Trivia: In Qatar’s northern city of Al Khor, this stadium – plans for which were unveiled in 2014 – will be 60 kilometres north of Doha. Designed to resemble a Bedouin tent, but on an epic scale, it has a striking design with a quirky legacy planned. Following the tournament completion, it will be partially removed and sent to developing nations.

Name: Al Rayyan Stadium
Capacity: 60,000
Trivia: Much has been made of the air-conditioning of the stadiums in Qatar. With evening kick-offs and a winter schedule, it may not be required as much now, but architecture firms Ramboll and Pattern have factored it into plans anyway. The design will resemble sand dunes when complete.

Name: Al Wakrah Stadium
Capacity: 45,120

Trivia: In one of Doha’s oldest inhabited areas comes the most modern stadium designs. The bold design from the late Zaha Hadid is a representation of dhow boats and their billowing sails.

Name: Qatar Foundation Stadium
Capacity: 40,000

Trivia: The Qatar Foundation name is witness to some remarkable football. It is, after all, on the front of Lionel Messi and chums’ Barcelona shirts. So we expect the sparkling diamond motif stadium design is going to sparkle come 2022 as well.

Name: Ras Abu Abboud Stadium
Capacity: 40,000
Trivia: Designs are not yet finalised for this project being worked on by architecture firm Populous. What is known, however, is that the waterfront stadium will look towards West Bay and have hospitality areas.

Name: Al Thumama Stadium
Capacity: 40,000
Trivia: As with all the stadiums there will be international headline-grabbing initiatives such as cooling technology and sustainable capacity reduction here. What will really excite Doha residents, however, is that the stadium management is consulting with local community groups to see what they want to happen to the stadium after the tournament.

Rooms and rides

Hotels are another aspect of Doha’s growth required to successfully host the World Cup. Reports in newspapers in Qatar this year point to US$7 billion worth of construction projects and a hotel pipeline of more than 64 properties coming soon. International brands such as JW Marriott, Hilton, Waldorf Astoria, Dream Hotels and more are headed for these shores. Competition is fierce with existing hotels, as well as future properties, all battling to stand out from the crowd. When Qatar won the bid to host the FIFA World Cup 2022 it had more than 40,000 hotel rooms and it’s looking to more than double that number by the time the tournament kicks off. New developments and projects are updated almost monthly with ambitious plans and rumours including cruise ship hotels and luxury Bedouin camp developments being suggested as methods to cope with demand.

Needless to say the massive influx of visitors is going to place enormous strain on the roads in Doha. The answer, of course, has been to revolutionise transport in the city with a rail network of almost 100 stations. The Doha Metro might not be complete for another ten years at which time it will comprise 300 kilometres of track on four different routes.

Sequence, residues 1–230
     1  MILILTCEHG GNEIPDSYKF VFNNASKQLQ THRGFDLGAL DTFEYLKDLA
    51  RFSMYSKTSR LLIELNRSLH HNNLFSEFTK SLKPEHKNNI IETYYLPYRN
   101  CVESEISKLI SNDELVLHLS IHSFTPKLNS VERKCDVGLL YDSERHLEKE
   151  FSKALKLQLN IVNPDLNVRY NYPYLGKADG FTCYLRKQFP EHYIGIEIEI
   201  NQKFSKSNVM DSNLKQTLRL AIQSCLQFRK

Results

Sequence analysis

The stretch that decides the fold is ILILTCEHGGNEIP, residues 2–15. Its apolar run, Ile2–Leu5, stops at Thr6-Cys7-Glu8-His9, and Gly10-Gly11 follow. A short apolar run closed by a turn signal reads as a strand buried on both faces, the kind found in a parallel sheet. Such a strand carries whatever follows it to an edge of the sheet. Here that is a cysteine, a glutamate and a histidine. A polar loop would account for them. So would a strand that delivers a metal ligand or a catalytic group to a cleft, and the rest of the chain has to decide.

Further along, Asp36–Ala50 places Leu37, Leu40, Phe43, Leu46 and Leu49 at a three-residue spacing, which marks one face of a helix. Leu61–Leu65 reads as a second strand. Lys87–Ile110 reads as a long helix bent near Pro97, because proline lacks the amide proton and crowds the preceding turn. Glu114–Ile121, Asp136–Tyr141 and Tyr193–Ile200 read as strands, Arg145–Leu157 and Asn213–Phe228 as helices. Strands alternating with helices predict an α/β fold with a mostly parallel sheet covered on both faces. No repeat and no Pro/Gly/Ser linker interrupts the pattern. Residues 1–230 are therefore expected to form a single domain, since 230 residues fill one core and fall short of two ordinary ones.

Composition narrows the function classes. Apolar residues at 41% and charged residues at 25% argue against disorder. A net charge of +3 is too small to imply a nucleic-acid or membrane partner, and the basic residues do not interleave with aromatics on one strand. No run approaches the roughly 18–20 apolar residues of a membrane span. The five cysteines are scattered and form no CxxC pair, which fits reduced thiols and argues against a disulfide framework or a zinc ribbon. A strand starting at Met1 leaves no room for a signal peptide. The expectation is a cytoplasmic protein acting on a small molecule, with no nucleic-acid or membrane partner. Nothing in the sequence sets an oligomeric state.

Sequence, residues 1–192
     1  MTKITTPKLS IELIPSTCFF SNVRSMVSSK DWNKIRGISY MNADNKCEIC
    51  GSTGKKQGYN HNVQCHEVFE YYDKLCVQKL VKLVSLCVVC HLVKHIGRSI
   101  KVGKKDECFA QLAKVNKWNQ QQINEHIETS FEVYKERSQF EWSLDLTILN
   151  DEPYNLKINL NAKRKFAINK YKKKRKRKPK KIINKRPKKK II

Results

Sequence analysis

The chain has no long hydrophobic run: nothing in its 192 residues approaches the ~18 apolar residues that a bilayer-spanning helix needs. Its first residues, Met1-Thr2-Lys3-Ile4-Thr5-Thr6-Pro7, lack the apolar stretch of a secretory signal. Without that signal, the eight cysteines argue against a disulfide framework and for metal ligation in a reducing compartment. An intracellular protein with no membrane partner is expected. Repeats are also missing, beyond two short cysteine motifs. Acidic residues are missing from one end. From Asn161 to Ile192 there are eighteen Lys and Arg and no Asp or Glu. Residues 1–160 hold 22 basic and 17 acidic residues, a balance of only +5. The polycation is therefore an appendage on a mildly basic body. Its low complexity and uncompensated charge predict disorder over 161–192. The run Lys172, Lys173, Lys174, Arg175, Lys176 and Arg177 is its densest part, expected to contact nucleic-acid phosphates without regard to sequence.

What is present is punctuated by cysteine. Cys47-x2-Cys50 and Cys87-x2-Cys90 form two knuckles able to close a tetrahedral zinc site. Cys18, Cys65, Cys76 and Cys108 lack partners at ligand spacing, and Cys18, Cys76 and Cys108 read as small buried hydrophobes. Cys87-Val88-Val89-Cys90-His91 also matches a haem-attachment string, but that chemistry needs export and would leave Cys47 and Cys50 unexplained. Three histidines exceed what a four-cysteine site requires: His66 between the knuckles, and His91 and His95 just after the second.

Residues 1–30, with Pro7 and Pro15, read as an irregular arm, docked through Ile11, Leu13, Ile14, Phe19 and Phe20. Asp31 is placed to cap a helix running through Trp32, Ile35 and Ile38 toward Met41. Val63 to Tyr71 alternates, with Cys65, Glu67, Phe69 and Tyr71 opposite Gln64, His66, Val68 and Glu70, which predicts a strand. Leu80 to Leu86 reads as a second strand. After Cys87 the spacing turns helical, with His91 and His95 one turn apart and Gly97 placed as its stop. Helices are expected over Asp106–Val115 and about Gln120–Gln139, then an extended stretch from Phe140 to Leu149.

Phase One faces a 2019 deadline and will be 75 kilometres on what are being called Red, Gold and Green lines. Stations will be approximately three minutes apart and, by 2021, developers Qatar Rail forecast more than 600,000 trips a day will be taken on the three lines. The Red Line is set to be the most dominant with 40 kilometres of track stretching from Al Wakrah to Lusail and intersecting the city through the central Msheireb district. Station designs seen by Time Out combine the modern and traditional to create a space-age-Bedouin vibe and will be dotted along the line at Katara, West Bay, Qatar University and even joining up with Hamad International Airport. Developers promise a journey time of just 36 minutes from the airport to Lusail so look forward to some drastically shorter commutes.

Shopping sprees

In the shorter term, mega shopping malls are set to change the landscape of shopping in Doha. Two gigantic complexes are likely to open doors in the coming six months and offer even more options to city residents and visitors. Mall of Qatar is on the final march for an October 29 grand opening this year. Targeting an annual footfall of 20 million shoppers with its 500 stores and 100 food outlets, it has recently declared readiness as the final 100 days before opening countdown began. As well as shops, the arrival will bring Doha a 19-screen cinema, eight-lane bowling alley, a 16,500 square-metre family entertainment complex and a five-star Hilton hotel.

Doha Festival City Mall is another imminent attraction, slated for a February 2017 opening, that will be crammed with attractions and retail opportunities. Including, but not limited to, an Angry Birds theme park, Harvey Nichols store, 18-screen cinema and family zone and 400 stores.

Shopping, lifestyle, multi-purpose stadiums, train lines and billions of dollars’ worth of construction are changing the face of Qatar. The FIFA World Cup 2022 is, it is important to note, just one of the steps on the journey to the Qatar 2030 vision. This target outlines the national goals of Qatar by the end of the century’s third decade. Goals have been set for human, social, economic and environmental development. The FIFA World Cup 2022 is not the end game, but merely a step on the journey to building modern Qatar.

By Time Out Doha staff
Time Out Doha,

Add your review/feedback

Subscribe to weekender newsletter

Submit

Search

Explore by